Billionaire Commerce nominee labels China ‘most protectionist’ major economy
“The billionaire businessman set to oversee trade policy for Donald Trump
has hit back at Chinese leader Xi Jinping and his bid to become the leading advocate for globalisation,
calling China the “most protectionist” major economy in the world.
The criticism by Wilbur Ross, made at his confirmation hearing to become Trump’s commerce secretary, is
the latest in an escalating torrent from the president-elect and his closest economic advisers against Beijing
which has already sparked concerns of a US-China trade war.
“They talk much more about free trade than they actually practise,” Ross told the Senate commerce committee on Wednesday.
“China is the most protectionist country of very large countries.”
Ross’s remarks come a day after Xi used his appearance at this year’s World Economic Forum in Davos to push back against rising protectionism,
widely seen as an effort by the Chinese leader to take the mantle of international leadership in the global economy from Washington.
Ross is expected to play a much more prominent role in setting US trade policy than his predecessors at commerce,
with aides to Trump saying the former investment banker will lead the new administration’s trade team.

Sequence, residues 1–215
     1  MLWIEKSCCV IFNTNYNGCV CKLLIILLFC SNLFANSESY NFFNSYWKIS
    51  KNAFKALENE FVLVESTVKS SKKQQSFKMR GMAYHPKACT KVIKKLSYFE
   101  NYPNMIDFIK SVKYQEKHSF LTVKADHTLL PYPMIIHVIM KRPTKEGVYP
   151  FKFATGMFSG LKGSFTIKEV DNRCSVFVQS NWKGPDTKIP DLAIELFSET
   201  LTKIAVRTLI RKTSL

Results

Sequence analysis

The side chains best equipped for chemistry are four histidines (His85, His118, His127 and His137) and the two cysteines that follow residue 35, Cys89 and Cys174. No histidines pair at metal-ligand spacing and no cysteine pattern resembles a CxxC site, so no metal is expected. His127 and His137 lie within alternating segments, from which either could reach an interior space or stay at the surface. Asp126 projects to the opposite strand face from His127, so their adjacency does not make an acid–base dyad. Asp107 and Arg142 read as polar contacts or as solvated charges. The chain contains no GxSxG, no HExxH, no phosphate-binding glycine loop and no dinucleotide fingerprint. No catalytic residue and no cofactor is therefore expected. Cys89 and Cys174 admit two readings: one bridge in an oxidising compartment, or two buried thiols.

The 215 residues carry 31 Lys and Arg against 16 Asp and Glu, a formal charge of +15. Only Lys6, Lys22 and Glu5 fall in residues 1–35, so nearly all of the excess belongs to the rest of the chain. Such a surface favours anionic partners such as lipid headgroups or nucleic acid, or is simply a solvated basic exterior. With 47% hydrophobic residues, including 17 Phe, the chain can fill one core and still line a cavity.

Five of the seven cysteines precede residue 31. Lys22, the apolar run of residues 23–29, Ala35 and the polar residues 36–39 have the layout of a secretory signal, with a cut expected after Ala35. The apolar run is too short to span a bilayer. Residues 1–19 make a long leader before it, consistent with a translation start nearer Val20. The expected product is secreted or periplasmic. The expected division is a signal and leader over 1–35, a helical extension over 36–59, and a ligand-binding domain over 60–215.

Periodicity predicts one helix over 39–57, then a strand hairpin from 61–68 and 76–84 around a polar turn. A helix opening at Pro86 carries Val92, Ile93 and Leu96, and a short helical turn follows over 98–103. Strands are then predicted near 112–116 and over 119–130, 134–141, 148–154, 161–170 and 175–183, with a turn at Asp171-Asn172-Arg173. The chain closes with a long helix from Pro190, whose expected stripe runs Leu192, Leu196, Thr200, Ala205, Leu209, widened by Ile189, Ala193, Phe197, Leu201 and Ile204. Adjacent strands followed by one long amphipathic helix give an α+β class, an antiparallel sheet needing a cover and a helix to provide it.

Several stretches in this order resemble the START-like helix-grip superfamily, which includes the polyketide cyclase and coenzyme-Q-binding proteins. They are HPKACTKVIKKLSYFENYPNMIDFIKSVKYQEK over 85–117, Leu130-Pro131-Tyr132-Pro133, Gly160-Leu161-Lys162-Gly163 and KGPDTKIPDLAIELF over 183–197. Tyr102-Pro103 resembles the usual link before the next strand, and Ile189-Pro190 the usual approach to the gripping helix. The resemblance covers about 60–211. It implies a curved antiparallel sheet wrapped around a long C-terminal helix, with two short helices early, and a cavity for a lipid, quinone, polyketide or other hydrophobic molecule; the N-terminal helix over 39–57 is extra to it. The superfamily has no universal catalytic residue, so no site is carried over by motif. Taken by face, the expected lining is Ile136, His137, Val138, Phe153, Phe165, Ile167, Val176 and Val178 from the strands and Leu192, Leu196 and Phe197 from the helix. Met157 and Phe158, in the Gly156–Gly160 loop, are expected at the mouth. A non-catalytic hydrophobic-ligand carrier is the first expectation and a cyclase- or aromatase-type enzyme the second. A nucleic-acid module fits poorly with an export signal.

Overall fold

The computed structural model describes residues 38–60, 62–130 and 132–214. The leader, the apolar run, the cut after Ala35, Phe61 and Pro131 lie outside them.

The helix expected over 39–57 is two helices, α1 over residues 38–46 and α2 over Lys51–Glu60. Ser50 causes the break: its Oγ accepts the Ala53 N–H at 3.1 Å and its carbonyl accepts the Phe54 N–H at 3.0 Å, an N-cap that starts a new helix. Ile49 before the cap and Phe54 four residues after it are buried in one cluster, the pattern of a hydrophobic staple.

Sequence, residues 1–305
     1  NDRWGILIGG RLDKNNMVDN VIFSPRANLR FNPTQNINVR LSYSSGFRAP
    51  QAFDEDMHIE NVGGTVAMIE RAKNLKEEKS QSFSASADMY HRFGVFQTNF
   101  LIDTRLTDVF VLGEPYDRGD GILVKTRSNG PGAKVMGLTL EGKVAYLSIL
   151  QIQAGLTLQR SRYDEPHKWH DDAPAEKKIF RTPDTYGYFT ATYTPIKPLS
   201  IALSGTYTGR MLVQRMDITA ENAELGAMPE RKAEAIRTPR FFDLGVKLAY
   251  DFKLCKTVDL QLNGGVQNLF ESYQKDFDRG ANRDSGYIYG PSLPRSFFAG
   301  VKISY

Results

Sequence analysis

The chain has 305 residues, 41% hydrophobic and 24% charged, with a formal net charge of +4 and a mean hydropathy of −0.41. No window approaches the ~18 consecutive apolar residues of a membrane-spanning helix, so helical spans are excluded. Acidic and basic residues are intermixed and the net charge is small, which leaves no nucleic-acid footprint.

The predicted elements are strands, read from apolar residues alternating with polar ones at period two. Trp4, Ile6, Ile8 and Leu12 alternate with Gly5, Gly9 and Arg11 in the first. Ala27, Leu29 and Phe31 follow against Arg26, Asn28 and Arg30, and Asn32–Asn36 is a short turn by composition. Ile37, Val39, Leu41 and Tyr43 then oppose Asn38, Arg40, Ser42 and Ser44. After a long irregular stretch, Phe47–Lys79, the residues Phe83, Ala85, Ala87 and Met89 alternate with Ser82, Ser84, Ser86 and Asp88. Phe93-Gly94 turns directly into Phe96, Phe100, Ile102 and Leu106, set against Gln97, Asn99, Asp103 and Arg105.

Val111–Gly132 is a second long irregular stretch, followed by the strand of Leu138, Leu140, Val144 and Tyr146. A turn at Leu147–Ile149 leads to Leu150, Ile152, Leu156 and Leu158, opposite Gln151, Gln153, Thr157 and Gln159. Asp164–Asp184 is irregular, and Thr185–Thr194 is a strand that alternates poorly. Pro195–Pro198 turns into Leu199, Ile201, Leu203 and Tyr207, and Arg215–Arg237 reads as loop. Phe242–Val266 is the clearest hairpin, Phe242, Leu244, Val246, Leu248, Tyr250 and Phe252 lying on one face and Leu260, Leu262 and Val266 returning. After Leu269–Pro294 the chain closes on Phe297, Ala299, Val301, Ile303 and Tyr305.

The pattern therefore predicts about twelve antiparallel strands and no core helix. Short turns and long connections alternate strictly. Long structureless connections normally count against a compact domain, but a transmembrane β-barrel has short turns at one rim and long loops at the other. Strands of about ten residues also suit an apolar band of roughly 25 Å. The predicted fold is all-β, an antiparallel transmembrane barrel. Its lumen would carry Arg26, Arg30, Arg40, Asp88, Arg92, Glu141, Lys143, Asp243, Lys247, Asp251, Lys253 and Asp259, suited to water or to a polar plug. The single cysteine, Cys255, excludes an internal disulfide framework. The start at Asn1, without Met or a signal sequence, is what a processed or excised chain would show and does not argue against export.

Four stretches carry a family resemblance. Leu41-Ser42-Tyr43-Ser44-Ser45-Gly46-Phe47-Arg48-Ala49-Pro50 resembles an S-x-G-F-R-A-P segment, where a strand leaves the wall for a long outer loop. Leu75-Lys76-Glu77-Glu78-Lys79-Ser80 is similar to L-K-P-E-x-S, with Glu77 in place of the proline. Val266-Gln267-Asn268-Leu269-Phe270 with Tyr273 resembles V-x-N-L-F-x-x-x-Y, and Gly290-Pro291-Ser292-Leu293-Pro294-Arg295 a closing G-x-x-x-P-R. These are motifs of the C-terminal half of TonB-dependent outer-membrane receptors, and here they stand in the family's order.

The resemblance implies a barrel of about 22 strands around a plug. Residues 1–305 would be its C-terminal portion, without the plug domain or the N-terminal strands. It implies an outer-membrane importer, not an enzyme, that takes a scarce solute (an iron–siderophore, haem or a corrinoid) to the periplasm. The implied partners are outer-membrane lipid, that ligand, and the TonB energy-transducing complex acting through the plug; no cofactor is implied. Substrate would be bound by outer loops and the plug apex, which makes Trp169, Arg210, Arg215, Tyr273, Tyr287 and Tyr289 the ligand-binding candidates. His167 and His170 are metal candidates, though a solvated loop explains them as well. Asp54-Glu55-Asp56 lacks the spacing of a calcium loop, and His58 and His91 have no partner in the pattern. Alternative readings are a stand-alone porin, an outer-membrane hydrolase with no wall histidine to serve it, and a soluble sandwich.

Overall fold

That would put the 79-year-old in charge of delivering the “America First” agenda that was at the heart of Trump’s presidential campaign.
Ross has been the president-elect’s most outspoken critic of existing international trade relations,
saying previous administrations have engaged in “dumb trade” with China and Mexico …
Ross said his first priority would be to renegotiate the North American Free Trade Agreement with Canada and Mexico, as Trump promised during the campaign.
The incoming administration is expected to notify those countries within days that it wants to reopen the pact.
But he repeatedly singled out China as a major offender in the global economy.
“It’s a little weird that we have very low tariffs and China has very high tariffs,” Ross said …
A third of China’s state-owned companies were on the verge of failure, Ross said, supported only by low-cost loans from state-run banks and other subsidies.
China also was at the centre of global problems of overcapacity in steel and other industries, Ross maintained.
He promised to take a more aggressive approach towards anti-dumping cases,
raising the possibility that he would become the first US commerce secretary since the 1990s
to take advantage of rules allowing the “self-initiation” of anti-dumping cases normally brought by industry.
He also indicated the incoming administration would crack down further on dumping by countries such as China, blaming it for a collapse in global prices for steel and aluminium.”